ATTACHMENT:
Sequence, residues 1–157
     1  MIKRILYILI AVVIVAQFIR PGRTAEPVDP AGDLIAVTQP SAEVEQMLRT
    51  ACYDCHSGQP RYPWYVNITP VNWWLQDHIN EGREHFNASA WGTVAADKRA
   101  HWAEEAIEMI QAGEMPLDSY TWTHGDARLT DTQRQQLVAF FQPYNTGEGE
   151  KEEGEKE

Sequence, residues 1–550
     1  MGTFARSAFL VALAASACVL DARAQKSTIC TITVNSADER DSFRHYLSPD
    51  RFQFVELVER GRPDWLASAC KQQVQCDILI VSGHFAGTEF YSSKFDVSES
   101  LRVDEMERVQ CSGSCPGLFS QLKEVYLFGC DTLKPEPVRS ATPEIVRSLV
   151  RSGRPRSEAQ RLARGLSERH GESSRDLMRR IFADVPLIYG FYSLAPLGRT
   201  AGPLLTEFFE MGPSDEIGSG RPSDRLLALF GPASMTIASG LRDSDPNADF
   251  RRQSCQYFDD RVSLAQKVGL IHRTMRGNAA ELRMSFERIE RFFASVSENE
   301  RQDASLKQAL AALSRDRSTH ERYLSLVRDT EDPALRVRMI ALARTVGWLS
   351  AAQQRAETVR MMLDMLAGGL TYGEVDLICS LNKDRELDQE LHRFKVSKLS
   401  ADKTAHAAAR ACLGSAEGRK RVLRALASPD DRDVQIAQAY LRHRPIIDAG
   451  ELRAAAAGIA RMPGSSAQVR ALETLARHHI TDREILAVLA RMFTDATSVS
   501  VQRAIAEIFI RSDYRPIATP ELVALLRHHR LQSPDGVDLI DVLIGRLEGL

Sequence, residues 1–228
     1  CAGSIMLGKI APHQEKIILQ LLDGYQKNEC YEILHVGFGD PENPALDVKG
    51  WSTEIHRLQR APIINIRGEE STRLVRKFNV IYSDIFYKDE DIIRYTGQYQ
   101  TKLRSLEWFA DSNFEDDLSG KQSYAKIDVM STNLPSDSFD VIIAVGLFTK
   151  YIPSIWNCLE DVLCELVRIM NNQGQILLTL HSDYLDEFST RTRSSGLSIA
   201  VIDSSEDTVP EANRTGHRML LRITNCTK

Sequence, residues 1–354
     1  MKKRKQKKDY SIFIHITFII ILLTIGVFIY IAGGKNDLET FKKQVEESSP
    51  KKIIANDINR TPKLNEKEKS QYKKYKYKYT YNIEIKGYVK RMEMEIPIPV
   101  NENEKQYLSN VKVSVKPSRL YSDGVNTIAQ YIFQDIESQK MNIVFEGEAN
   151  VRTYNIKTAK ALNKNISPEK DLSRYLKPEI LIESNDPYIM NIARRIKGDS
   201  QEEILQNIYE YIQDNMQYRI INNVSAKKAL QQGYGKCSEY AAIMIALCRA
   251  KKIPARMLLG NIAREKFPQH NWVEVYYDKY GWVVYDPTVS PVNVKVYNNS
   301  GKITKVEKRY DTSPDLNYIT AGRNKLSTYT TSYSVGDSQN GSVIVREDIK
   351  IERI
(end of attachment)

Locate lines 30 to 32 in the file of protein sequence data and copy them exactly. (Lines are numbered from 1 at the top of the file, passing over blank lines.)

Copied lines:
   251  KKIPARMLLG NIAREKFPQH NWVEVYYDKY GWVVYDPTVS PVNVKVYNNS
   301  GKITKVEKRY DTSPDLNYIT AGRNKLSTYT TSYSVGDSQN GSVIVREDIK
   351  IERI